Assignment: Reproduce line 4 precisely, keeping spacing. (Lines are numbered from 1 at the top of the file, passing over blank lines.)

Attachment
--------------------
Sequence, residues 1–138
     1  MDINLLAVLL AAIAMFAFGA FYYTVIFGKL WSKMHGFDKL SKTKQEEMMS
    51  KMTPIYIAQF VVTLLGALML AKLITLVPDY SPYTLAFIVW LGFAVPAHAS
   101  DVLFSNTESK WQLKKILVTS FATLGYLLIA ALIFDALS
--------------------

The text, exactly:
   101  DVLFSNTESK WQLKKILVTS FATLGYLLIA ALIFDALS